Senator Chris McDaniel will also be speaking in support of the initiative at the event.
“Until the people in communities across this state have an even playing field with the lobbyists and bureaucrats then we can’t hope to have good public oversight of state government,” said McDaniel. “And until we do that we can’t begin to fight the corruption that keeps Mississippi on the bottom.”
Term Limits MS Press Release
BY: Steve Wilson | Watchdog.org
A new report by nonprofit State Budget Solutions says Mississippi’s Public Employees’ Retirement System of Mississippi is carrying $56 billion in unfunded liabilities, worst in the nation — now at 53 percent of the gross state product in 2013. It covers only 27 percent of the state’s liabilities, which is fifth-worst.
The state’s PERS system — according to its latest financial report — paints a far rosier portrait. It has just $14.4 billion in unfunded liabilities, according to its latest report. That’s still far below the 80 percent funding level considered the benchmark for a healthy pension fund.
Joe Luppino-Esposito, author of the study and an editor and general counsel of State Budget Solutions, said via email the study uses a “fair market valuation” to calculate the unfunded liability of the nation’s pension funds, now up to $4.7 trillion nationwide and counting.
BY: Joy Pullman | Heartland Institute
When the Obama administration began writing its own laws under the guise of No Child Left Behind waivers in 2011, it snuck into the thousands of pages of bureaucratese a requirement for “teacher equity.” Now, the administration has reminded states it wasn’t joking.
On Monday, the U.S. Department of Education wrote states a letter demanding they submit “teacher equity plans” to the feds by next June.
The problem: Research shows poor and minority children are typically taught by less-experienced and lower-quality teachers. This is in large part one outgrowth of allowing unions to dictate teacher hiring policies. Union contracts give teachers who have remained in a particular school district longer the ability to “bump” new teachers out of preferred teaching spots (of course, teaching in tough schools is not as attractive as the alternatives). Union contracts also bar school districts from paying teachers different salaries for taking on harder work–such as teaching math or science, or working in worse environments.
Don’t expect states to propose right-to-work laws or ending teacher tenure as solutions to the problem of poor kids getting worse teachers. Do expect them to conduct a sort of endless tax- laundering scheme, whereby taxpayers send the federal government money, it sends the money to state departments of education along with mandates such as “teacher equity plans,” and state departments shuffle paperwork back to the feds after paying the salaries of people who are apparently happy to spend their lives writing impotent, thousand-page sketches of La-La Land.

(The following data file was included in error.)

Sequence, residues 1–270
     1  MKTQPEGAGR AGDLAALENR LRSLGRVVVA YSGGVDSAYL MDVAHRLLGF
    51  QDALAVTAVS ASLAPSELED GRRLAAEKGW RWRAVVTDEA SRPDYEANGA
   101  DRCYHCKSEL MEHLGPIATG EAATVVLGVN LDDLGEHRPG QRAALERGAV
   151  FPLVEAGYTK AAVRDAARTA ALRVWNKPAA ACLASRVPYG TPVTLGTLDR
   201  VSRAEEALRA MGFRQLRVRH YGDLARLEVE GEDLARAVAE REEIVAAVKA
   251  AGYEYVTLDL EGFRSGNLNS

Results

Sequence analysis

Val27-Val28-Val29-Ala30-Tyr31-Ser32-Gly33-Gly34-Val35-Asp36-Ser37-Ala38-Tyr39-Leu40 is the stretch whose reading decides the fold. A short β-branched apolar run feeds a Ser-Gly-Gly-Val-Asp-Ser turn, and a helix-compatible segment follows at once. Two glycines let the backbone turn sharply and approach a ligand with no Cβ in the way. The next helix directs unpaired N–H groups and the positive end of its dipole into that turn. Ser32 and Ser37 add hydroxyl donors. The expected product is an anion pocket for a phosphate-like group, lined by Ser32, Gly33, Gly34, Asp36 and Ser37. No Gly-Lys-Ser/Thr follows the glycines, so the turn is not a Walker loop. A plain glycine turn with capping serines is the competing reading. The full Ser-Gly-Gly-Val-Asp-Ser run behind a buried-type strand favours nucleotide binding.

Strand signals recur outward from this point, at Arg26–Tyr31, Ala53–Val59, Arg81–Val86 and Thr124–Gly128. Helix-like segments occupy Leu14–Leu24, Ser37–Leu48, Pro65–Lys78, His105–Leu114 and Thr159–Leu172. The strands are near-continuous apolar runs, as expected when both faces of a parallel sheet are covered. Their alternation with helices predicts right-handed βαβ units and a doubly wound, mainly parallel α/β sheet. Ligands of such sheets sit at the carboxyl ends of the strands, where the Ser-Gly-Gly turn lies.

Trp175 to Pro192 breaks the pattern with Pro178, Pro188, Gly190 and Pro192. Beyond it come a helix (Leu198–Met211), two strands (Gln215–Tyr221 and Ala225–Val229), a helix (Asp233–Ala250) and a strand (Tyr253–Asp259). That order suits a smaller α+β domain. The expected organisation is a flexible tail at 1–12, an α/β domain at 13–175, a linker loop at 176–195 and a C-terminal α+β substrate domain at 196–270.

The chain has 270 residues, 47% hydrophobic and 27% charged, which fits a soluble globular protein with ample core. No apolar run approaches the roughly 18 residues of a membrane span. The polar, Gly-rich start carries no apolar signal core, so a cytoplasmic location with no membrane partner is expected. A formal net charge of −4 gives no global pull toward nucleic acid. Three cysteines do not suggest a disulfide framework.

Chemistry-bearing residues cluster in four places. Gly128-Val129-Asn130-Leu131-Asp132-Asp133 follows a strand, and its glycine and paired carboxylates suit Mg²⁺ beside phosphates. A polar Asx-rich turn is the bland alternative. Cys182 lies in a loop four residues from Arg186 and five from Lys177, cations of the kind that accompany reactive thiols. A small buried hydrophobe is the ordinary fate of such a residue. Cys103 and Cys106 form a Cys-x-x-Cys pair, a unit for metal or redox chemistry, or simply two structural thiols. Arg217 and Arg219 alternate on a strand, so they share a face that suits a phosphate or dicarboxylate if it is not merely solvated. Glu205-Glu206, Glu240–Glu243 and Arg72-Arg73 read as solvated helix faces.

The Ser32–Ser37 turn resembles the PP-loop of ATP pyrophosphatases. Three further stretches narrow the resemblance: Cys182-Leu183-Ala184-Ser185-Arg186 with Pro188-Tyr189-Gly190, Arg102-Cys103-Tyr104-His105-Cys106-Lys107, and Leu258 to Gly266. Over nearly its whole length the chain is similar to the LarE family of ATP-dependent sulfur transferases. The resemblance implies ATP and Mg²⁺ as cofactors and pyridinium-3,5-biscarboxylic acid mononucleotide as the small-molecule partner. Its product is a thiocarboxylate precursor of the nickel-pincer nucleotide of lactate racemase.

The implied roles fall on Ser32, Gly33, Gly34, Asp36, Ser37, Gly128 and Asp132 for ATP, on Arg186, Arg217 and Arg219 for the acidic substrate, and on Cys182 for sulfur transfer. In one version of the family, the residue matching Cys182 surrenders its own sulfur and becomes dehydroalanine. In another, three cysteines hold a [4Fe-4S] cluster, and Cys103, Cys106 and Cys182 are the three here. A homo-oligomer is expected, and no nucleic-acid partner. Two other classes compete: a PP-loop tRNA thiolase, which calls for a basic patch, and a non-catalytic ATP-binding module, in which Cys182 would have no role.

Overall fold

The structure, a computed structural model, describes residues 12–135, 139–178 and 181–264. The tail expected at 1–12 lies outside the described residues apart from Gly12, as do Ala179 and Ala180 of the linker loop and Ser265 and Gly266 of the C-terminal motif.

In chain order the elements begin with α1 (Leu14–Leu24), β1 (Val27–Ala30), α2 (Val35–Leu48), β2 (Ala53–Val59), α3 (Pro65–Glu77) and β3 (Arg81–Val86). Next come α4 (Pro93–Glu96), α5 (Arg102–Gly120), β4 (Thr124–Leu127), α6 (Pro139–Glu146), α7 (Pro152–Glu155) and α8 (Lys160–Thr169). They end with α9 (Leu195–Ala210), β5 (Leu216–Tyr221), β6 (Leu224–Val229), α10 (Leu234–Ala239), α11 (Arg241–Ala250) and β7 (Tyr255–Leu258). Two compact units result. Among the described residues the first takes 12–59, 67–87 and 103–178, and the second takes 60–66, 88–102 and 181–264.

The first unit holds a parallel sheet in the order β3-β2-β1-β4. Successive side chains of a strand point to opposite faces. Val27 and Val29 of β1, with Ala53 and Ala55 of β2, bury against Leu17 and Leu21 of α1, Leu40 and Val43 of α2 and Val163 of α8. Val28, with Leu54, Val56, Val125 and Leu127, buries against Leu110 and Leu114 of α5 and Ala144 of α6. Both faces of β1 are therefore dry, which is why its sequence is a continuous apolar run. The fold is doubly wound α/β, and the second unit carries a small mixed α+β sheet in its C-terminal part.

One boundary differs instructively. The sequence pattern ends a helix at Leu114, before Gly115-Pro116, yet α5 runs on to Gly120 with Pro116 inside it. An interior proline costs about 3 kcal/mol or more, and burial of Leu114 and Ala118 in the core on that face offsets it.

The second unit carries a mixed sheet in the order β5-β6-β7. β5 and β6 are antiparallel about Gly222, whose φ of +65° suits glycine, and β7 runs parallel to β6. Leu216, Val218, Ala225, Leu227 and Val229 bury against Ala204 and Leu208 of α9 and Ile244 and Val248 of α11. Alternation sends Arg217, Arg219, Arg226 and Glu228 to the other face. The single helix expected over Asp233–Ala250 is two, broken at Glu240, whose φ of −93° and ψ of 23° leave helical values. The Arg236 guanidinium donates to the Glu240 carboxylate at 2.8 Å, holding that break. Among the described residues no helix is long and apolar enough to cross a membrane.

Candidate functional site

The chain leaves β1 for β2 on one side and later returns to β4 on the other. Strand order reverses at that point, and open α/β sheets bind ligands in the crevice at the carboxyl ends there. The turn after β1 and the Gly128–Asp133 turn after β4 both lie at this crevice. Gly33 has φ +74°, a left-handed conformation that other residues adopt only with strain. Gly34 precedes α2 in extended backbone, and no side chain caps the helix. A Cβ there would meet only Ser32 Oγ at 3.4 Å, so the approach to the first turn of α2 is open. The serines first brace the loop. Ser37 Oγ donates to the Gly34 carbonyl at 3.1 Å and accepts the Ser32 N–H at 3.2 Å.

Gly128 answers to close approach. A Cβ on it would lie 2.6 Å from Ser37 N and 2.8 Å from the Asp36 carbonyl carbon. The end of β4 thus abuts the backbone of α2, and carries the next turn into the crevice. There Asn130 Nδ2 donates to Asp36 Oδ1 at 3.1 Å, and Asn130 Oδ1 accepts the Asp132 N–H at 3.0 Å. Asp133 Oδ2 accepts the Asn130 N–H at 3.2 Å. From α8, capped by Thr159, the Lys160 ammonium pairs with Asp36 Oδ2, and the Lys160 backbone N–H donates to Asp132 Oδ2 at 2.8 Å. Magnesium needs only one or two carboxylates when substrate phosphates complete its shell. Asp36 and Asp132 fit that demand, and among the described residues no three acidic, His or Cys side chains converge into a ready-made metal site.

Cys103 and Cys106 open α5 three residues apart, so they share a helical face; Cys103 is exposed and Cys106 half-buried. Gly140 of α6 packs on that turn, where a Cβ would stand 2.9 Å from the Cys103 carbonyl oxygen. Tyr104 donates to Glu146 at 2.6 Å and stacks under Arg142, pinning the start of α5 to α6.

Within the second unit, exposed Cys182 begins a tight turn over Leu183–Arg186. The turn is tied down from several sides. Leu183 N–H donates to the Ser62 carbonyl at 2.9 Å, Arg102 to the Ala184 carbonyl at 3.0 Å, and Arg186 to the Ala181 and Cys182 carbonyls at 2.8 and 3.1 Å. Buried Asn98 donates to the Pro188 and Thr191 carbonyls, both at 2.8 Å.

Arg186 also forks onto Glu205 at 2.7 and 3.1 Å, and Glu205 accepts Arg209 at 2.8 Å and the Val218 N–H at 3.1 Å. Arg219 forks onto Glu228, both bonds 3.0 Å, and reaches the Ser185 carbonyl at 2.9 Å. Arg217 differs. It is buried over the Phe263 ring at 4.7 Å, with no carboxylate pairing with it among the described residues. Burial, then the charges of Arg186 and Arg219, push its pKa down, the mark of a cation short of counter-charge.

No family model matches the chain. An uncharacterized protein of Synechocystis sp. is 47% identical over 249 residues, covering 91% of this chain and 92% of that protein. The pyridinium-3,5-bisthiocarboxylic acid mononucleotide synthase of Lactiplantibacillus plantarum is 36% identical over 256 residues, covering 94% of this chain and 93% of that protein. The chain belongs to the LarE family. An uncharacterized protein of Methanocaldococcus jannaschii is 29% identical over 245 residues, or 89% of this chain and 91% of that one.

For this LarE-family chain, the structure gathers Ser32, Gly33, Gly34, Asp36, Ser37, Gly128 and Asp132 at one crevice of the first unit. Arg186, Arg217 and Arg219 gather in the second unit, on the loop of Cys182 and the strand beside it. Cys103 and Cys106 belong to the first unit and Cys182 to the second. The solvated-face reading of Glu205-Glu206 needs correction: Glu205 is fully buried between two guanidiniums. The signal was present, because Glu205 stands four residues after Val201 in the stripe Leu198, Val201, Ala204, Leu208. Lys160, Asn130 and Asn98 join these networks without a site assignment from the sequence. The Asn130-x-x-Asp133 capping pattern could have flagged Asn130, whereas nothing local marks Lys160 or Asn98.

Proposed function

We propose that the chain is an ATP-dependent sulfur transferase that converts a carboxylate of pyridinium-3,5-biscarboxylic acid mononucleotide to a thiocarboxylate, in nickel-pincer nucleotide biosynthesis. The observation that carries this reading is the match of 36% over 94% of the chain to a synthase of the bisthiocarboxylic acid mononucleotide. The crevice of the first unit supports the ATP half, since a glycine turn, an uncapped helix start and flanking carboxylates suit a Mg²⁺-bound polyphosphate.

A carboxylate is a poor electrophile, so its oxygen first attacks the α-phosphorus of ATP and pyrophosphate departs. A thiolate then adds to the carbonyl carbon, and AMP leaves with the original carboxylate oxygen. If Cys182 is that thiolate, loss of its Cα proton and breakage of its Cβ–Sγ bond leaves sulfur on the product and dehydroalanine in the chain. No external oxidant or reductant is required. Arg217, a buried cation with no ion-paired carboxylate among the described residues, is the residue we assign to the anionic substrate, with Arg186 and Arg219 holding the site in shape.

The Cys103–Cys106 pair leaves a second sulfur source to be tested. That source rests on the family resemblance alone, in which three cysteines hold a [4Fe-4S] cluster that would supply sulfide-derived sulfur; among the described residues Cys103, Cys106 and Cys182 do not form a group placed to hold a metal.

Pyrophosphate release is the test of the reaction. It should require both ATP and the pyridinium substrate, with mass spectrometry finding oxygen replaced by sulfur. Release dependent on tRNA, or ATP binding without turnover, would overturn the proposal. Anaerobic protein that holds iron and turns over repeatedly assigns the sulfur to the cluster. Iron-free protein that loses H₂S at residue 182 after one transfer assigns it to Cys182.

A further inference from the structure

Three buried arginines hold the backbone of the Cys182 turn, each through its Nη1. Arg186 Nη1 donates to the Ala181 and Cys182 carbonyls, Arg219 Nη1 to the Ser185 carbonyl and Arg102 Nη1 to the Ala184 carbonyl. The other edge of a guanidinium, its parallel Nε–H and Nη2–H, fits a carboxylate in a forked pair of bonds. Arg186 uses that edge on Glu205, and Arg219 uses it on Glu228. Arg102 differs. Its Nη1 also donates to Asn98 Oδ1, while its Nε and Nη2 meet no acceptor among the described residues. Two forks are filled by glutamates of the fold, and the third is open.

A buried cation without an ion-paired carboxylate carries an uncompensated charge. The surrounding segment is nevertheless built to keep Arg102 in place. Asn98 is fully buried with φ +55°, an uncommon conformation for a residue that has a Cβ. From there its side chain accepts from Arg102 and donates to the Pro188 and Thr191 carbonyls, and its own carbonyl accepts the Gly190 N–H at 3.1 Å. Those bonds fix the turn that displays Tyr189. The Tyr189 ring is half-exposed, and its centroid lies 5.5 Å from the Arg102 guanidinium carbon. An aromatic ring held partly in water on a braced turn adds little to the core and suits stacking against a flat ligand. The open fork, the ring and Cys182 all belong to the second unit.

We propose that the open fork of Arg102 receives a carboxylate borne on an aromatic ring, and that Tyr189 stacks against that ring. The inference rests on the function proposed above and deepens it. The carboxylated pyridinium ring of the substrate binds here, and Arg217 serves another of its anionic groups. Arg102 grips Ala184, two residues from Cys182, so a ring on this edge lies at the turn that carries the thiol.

If this were all an exercise in bureaucracy, taxpayers would be a bit poorer but otherwise none the worse. If and when state plans for redistributing teachers include coercion and manipulation, as government schemes tend to be, however, expect the unintended consequences of monopoly education to intensify. Watch for plans where state officials, rather than local school districts, assign teachers to schools; where teachers aim for mediocrity instead of excellence because excellence gets them reassigned to schools where they don’t want to teach; and where poor children are treated like hot potatoes.
This is what happens when central planners keep tightening their ratchets to impede and distort even more personal choices rather than allowing individuals to freely align their choices with others’ within a free-enterprise system. In that environment, teachers who choose harder work would be rewarded, which would draw excellent teachers who love a challenge right where they’re needed without any need for filtering tax dollars through bureaucrats’ hands or pushing teachers around. What a concept.
Longtime Mississippi Corrections Commissioner Chris Epps is resigning, amid a federal investigation, according to multiple sources confirming to clarionledger.com
Epps could not immediately be reached for comment.
State Auditor Stacey Pickering said he is aware of Epps’ resignation, but, “I cannot make further comment at this time.”
House Corrections Chairman Tommy Taylor said he had received calls Wednesday “saying (Epps) is going to resign effective today,” but had no further details. Other sources say Epps has already submitted his resignation to Gov. Phil Bryant.
A spokesman for Bryant could not immediately be reached for comment.